The McCuens and Kniffens were tried and convicted. A handful of others would follow them. In addition to the lack of physical evidence, the relevant children could produce neither consistent accounts of the abuse nor accurate descriptions of many of the key locations.

As the trials and convictions increased, the children began accusing some of the interrogating social workers and justice officials of involvement in the abuse ring. At this point, investigators began to find the testimony less reliable. B.A. Robinson notes the similarity between these events and those in the Salem Witch Trials; people started questioning the accusations once they began to implicate people believed to be above reproach.

In 1986, a Grand Jury investigation revealed 23 procedural errors in the Kern County cases, and raised questions about the methods used to elicit the children's testimony. Despite this finding, most of those convicted remained in jail.

The grown children would later claim they were threatened and yelled at in order to produce stories of abuse. In fact, when they were separated from their interrogators, they told other adults that the stories were false. This testimony was never permitted in court. According to a 1996 Justice Committee New Release, "questioning in Bakersfield went far beyond the definition of leading and was, in fact, coercive, threatening, brainwashing" (Hopkins). Children were told that they had been abused; interrogators often described the abuse to them. They were asked the same questions repeatedly, until they gave suitable answers. That some of the children cried to be reunited with their parents was not considered important (Hume).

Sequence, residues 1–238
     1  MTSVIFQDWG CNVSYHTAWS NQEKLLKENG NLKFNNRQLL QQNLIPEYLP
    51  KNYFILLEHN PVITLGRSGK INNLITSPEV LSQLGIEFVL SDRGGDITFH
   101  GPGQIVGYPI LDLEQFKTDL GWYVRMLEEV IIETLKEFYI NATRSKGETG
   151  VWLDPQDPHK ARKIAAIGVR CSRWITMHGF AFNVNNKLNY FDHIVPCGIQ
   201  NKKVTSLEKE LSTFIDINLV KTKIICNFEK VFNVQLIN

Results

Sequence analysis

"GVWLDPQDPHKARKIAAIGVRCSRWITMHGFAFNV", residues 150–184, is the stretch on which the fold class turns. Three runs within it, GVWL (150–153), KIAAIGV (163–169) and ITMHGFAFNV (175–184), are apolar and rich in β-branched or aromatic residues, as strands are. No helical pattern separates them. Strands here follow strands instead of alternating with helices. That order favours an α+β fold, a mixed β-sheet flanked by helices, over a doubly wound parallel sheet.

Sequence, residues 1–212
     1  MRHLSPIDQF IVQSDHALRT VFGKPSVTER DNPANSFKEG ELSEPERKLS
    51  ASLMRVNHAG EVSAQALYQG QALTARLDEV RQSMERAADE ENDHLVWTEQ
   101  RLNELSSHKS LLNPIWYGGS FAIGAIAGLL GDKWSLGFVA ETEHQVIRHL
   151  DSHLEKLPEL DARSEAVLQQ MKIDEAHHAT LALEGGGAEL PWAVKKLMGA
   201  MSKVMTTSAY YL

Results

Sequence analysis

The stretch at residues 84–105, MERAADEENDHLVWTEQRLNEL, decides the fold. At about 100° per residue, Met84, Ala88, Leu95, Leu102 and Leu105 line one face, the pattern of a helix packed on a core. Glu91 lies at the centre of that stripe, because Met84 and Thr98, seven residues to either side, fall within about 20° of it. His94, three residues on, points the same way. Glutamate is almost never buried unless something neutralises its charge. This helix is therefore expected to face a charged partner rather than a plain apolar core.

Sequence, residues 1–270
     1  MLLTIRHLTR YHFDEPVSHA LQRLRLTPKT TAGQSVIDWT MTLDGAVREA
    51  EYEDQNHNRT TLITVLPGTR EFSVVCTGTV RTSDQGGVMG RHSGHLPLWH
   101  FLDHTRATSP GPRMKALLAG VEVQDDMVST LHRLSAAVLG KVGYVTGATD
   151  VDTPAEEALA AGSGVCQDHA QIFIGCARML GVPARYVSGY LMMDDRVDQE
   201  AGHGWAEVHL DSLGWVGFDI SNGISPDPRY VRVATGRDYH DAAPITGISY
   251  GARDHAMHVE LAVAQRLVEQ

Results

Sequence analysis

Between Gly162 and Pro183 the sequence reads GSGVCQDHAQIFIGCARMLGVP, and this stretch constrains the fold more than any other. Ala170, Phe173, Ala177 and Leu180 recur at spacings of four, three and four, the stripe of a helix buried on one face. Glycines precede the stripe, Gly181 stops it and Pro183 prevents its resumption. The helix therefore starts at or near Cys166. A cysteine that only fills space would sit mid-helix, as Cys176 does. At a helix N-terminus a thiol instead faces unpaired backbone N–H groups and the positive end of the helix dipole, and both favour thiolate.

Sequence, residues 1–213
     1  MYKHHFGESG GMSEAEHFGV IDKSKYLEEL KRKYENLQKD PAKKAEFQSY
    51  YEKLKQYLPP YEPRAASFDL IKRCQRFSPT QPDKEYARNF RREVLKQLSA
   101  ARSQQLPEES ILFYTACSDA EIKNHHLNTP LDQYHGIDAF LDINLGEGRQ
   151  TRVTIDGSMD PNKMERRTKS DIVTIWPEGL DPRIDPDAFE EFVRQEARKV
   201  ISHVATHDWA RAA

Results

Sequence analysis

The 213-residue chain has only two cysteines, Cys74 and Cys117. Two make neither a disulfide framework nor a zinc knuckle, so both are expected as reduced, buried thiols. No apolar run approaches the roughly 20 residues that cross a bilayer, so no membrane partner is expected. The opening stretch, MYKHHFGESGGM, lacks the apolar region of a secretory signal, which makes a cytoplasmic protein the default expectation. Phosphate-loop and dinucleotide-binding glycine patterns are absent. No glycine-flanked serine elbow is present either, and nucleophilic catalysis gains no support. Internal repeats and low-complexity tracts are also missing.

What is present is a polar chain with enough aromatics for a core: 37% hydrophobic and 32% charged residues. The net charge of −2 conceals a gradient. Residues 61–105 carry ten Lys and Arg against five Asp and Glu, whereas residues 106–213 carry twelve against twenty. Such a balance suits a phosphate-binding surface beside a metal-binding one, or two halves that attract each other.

Nearly all of the children have recanted their allegations, and even participated in the efforts to free the accused. One alleged victim, Carol Ann Bittner would say, in a sworn affidavit, that she "received far more brutal treatment at the hands of" the interrogators than from anyone accused. She notes:

  1. I lost the security of my home
  2. I lost my mother, she was placed in a prison
  3. I lost my grandpa, he was placed in prison
  4. I lost my grandma, she was placed in prison where she died.
  5. Jeff Modahl who my mother and us kids were living with at the time was also sent to prison.

The McCuan girls stand by the original stories. Apart from the fact that one of these girls, at least, was probably abused earlier by a lone paedophile, one cannot help but note that they were raised, for most of their lives, by the woman who instigated the case. A boy in one of the related cases also maintains that he was sexually abused, though he cannot recall the details. It is worth noting that this individual had contact with defendant Grant Self, who has prior convictions for such offenses.

By 1999, all convictions had been overturned. Civil lawsuits continue against various officials in Kern County.

The case inspired a made-for-tv movie, Just Ask My Children (2001) and a documentary, Witch Hunt (2007)

Carol Ann Bittner. Affidavit.

Carol Hopkins. News Release. The Justice Committee. 625 Broadway, Suite 1111, San Diego, 1996.
"Protesting Modern Witchhunts." 1997.

Edward Humes. Mean Justice excerpt.

"Jeffrey Modhal: Conviction Without Evidence."

Debbie Nathan and Michael Snedeker. Satan's Silence: Ritual Abuse and The Making of A Modern American Witch Hunt. New York: Basic Books, 1995.

B.A. Robinson. Bakesfield, Kern County CA Ritual Abuse Cases.

Log in or register to write something here or to contact authors.